On Thursday, 23 September 1943, (a part of) the aircraft of the 467 squadron (RAAF), took off for a mission to Mannheim in Germany from a station (airfield) in or near Bottesford.
One of the crew members was Pilot Officer W T Farmer RAAF. He departed for his mission at 19:04.
He flew with a Avro Lancaster (type III, with serial DV233 and code PO-). His mission and of the other crew members was planned for Friday, 24 September 1943. Information about aircraft who did not return from this mission can be found here. Information about the other crew members on this flight can be found at this website (Aircrew Remembered). This website also provides the flight information for this record.
This record can also be found on the maps of Back to Normandy with Google coordinates. You can find the maps by clicking on this link on this location.
John Darvill: My great uncle Tom, Sgt T W Darvill was the Wireless Operator on this mission bombing Mannheim aboard Lancaster III DV 233 (RAAF 467 Sqd) The plane was shot down on 23/24 Sept 1943. He and another crew member survived and were POW's in a camp in Russia. The pilot (PO Farmer) told Tom to bail out, but Tom's parachute was all in his arms as it had snagged on sections of the plane. Apparently there was a large hole at the back of the aircraft, Tom monkey swung across the wires across the large hole caused by flak. He went to check on the rear gunner, unfortunately he was killed. It was whilst swinging back across that Tom snagged his parachute. Tom managed to bail out, he had a bad landing and damaged his leg. Tom said many German locals were out hunting for him by tourch light. He lay still in a dyke until they had gone. The next day a very old dodgery German policeman found him. The policeman waited until dark to take Tom to the police station, as he said the locals would want to kill Tom if they saw him. I still have Tom's Catapillar Club gold badge and medals. Also, a curious RAAF 18ct gold badge given to him by the Australians.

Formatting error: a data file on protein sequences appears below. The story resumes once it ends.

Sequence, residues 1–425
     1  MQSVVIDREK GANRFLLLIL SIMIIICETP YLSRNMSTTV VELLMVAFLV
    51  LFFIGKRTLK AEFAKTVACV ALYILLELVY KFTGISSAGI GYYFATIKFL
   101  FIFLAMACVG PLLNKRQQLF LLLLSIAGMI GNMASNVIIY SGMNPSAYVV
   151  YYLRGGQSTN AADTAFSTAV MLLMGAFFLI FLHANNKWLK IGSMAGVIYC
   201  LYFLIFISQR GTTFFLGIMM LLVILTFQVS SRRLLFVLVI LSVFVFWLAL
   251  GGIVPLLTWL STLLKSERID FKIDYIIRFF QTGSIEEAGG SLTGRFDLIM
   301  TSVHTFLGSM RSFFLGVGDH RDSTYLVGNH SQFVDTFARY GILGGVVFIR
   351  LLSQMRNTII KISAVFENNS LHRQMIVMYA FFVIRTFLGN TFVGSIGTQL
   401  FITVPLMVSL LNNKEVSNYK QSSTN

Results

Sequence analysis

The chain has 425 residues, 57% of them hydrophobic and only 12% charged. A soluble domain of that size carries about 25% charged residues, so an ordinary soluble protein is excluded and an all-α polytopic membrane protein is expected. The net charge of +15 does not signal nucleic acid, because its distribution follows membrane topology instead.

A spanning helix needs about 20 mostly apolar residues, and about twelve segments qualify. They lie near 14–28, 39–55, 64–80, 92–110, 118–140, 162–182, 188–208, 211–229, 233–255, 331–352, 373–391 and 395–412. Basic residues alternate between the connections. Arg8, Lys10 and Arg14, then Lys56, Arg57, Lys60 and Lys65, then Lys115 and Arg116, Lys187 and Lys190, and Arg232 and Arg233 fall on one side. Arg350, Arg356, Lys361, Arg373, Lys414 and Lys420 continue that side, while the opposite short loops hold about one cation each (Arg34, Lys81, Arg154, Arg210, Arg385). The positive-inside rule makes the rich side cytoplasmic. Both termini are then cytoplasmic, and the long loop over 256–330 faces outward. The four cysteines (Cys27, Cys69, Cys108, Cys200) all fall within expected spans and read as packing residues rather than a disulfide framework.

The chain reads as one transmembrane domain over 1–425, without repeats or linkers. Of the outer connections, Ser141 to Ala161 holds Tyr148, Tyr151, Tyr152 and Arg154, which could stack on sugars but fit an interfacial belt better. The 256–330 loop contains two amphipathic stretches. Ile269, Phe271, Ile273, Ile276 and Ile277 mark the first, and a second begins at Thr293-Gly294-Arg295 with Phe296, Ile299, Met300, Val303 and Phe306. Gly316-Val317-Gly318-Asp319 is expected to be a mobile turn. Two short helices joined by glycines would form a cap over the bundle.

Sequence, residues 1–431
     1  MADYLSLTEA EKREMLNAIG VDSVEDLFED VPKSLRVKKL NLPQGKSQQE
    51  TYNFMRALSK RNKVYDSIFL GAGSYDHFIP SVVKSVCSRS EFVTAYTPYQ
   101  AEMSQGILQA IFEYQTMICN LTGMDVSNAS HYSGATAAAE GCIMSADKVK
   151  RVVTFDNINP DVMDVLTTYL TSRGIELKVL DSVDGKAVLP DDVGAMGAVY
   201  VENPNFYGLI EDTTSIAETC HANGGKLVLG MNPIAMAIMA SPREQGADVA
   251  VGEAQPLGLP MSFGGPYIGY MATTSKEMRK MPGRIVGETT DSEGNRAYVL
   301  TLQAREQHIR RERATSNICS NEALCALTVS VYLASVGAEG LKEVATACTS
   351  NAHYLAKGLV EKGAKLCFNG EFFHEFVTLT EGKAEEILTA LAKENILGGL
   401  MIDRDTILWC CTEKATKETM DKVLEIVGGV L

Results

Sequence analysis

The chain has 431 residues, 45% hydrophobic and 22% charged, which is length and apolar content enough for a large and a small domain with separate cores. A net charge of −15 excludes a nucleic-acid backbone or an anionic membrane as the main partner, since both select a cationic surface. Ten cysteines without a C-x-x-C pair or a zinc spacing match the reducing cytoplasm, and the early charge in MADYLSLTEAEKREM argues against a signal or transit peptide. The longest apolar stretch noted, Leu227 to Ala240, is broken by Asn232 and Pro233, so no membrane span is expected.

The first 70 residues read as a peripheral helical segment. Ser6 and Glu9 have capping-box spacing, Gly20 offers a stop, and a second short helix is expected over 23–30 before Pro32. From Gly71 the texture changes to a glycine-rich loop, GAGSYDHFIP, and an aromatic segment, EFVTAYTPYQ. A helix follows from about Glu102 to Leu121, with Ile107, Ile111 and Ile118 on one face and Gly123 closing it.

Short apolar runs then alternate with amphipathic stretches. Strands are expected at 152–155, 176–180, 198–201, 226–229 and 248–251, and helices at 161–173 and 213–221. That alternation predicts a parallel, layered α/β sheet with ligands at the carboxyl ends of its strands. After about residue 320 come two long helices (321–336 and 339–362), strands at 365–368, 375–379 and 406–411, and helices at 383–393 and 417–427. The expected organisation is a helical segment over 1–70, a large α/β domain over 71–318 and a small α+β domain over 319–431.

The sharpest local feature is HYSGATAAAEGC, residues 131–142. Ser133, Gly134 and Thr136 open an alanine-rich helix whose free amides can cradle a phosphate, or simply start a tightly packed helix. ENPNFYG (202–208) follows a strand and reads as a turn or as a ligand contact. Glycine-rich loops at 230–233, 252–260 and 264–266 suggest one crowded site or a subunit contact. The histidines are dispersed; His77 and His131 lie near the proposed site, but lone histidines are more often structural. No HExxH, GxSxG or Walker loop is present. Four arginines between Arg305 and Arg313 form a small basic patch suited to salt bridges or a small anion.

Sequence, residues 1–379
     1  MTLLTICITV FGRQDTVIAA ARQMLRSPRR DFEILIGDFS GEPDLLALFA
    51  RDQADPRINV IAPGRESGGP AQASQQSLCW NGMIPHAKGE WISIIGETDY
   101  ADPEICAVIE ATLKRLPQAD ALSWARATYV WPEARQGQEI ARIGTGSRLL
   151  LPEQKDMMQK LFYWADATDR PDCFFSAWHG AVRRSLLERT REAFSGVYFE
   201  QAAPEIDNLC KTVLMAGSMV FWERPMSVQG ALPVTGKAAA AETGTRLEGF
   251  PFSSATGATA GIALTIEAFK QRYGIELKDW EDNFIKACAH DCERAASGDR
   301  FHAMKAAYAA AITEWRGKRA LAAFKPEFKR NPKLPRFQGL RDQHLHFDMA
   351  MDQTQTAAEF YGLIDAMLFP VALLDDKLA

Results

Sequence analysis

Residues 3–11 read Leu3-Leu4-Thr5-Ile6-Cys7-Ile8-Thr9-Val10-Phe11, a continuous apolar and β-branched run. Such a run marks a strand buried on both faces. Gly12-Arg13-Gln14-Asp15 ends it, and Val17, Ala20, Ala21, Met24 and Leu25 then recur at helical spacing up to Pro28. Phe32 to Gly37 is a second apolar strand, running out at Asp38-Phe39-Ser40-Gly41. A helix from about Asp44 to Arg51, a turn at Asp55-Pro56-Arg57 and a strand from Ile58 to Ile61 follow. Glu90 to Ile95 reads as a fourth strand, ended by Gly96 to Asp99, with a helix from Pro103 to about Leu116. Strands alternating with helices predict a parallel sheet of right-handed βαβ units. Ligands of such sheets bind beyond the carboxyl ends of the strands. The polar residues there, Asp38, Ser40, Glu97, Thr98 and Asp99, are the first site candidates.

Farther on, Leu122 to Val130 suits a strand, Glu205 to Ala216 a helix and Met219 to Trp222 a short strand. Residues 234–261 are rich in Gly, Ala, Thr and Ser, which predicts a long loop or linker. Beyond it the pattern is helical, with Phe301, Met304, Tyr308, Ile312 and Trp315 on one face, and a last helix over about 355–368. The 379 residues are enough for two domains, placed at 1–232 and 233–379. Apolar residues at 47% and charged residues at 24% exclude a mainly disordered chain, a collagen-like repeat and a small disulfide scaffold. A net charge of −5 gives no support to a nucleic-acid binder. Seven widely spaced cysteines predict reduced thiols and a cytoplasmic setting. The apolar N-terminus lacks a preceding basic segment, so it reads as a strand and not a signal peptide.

Tom was a British RAF personnel assigned to the RAAF 467 Squadron as a signaller and part of the Article XV set up, which I think the gold badge relates to. It has a "S" above and XV below. I'm not sure if this relates to "Signaller" or if it means he flew on S-Sugar? I believe he was the only Brit on board. The pilot was apparently good friends with the rear gunner, that's why Tom went to see if he was okay. The pilot told Tom to jump as he was going to stay at the controls. Tom bailed with his parachute in his arms. He ended up in a German POW camp in Russia when the Russians began their push, Tom was caught up in the great march back to Germany. I believe that many thousands of POW's died on that journey. When he was taken prisoner he was a healthy 13 stone, upon his return to Britain he was down to six stone. In May 1945 Tom was promoted to a Warrant Officer. He left the RAF around 1953. He also said laughing, although very serious at the time. That a German troop carriers rear Axel sank into one of the unfinished escape tunnels, the Germans were very annoyed and filled it full of excrement to prevent its use. Fantastic site, thank you for keeping Tom's memory alive. Best to you all. John Darvill (Great Nephew)
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